This summer I went to visit my parents and Grandmother in Wisconsin.  While I was there, my dad described a skirt he had seen and asked if I could recreate a quilt like it.  He wanted a quilt made up of rectangles about 2 inches by 8 inches in yellow, red, and green with some white in there to calm it down a bit.  His major descriptor was that he wanted it to be bright and cheerful.  Later, the request was modified somewhat as he said it reminded him of the colorful spinnaker sails at a sailboat regatta.

I had already pulled some nautical fabrics before the spinnaker theme was requested, so I knew I was going in the right direction.  My dad grew up around boats, and had a boat most of his life.  Some of my fondest memories growing up are from sailing down the Columbia River at dusk.

The making of the Spinnaker Quilt

Each of the 238 rectangles in this quilt measure 2.5 inches by 8 inches prior to sewing.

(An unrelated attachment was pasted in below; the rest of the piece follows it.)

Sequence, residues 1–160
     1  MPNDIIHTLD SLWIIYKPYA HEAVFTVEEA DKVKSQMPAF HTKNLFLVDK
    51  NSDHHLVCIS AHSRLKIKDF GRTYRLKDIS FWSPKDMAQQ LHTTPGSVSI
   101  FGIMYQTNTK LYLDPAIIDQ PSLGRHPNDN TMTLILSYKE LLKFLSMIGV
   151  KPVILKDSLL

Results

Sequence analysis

The making of the Spinnaker Quilt

My trimmings turned out quite pretty, at least more so than usual.

The making of the Spinnaker Quilt

The layout is 34 rectangles vertically and 7 rectangles wide.  The top photo is prior to being sewn together – it was a risk to use the design floor with baby and dog around.

The making of the Spinnaker Quilt

The making of the Spinnaker Quilt

The back is pieced – I didn’t have enough of the one main fabric, so I pieced in the linen and anchor fabric as a design choice.  Plus, I think pieced backs are kind of fun.

I chose to quilt it with a new panto – rounded rectangles.  I wanted something masculine, yet the rounded edges helped to soften the design.  I think a sharp quilting design would have been too much for this quilt.

The making of the Spinnaker Quilt